Biology: White-footed ants are found in Florida, Hawaii and isolated areas of California. This species may be spread to other warm southern regions of the United States on infested goods and plants.
White-footed ants nest in a variety of locations, and colonies can contain one million or more adults. These ants like to nest in dead wood, but will also invade and short out air conditioners. They nest in piles of lumber, firewood, stones, bricks, trash and heavy vegetation at foundations or in trees. Indoors, they nest in wall voids, potted plants and atriums.
A single colony can encompass many sites, both close by and far away from a single nest. These extended colonies exchange workers, brood and food.
White-footed ants establish well-defined, easy-to-find foraging trails outside infested buildings. Trails commonly follow edges of sidewalks, edges of brick buildings, ledges and soffit corners. Foragers often move into buildings from trees and shrubs touching walls or roofs. Once inside, workers forage along baseboards above and below carpet edges.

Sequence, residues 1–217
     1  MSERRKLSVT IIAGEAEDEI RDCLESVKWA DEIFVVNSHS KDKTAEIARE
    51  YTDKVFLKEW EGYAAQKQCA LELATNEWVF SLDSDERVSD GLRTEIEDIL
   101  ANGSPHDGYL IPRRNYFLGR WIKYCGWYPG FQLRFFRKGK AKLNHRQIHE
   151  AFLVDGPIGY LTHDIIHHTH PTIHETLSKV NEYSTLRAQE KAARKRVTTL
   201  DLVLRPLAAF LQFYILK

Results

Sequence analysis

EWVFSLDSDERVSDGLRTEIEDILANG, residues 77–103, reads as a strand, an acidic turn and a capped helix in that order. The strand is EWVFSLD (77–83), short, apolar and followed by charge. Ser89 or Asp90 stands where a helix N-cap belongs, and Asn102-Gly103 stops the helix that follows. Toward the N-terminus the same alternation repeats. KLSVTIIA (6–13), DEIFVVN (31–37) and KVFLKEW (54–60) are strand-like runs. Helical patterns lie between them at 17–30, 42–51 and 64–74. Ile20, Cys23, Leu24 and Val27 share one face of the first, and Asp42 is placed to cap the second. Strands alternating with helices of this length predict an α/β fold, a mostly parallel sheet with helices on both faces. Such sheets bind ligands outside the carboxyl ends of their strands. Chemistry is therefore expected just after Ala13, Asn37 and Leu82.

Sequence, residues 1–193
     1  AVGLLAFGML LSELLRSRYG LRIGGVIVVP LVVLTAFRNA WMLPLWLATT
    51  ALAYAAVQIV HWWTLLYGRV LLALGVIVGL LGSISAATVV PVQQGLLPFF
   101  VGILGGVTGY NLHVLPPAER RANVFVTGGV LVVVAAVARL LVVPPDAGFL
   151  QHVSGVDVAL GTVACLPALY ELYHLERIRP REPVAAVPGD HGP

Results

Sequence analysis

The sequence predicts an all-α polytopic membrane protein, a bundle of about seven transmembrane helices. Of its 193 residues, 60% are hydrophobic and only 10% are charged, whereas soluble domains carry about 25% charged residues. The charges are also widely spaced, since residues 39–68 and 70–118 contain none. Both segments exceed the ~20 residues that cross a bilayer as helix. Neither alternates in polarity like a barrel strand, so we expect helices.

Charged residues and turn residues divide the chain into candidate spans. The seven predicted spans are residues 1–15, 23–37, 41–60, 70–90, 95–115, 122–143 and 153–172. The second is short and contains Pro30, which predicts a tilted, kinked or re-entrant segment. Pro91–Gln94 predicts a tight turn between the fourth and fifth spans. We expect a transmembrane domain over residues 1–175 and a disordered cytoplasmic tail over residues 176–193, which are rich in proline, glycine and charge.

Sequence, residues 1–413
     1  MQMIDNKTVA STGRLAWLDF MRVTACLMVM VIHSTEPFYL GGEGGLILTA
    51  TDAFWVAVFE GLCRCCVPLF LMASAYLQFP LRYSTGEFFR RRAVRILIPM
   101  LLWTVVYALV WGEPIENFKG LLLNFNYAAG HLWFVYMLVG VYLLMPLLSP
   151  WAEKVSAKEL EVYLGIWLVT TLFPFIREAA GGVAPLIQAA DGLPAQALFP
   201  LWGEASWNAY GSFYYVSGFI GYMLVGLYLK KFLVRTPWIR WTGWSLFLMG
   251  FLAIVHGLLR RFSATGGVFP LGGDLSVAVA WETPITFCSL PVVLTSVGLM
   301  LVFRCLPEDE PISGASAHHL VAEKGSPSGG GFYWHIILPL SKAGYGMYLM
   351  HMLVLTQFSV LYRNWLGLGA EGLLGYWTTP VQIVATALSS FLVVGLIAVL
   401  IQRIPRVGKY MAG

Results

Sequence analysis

Food Preferences: White-footed ants prefer sweets. Outdoors, they feed on honeydew and tend aphids, mealybugs and scales. Trophallaxis (cross feeding) has not been observed in this species. Because of this, baiting programs will not be effective as a stand-alone management program.
Control Recommendations: Complete elimination of established white-footed ant infestations is difficult. Regular inspections and/or treatments are necessary for control. Cultural controls (sanitation, harborage elimination and exclusion) or chemical control that eliminates honeydew sources should be considered.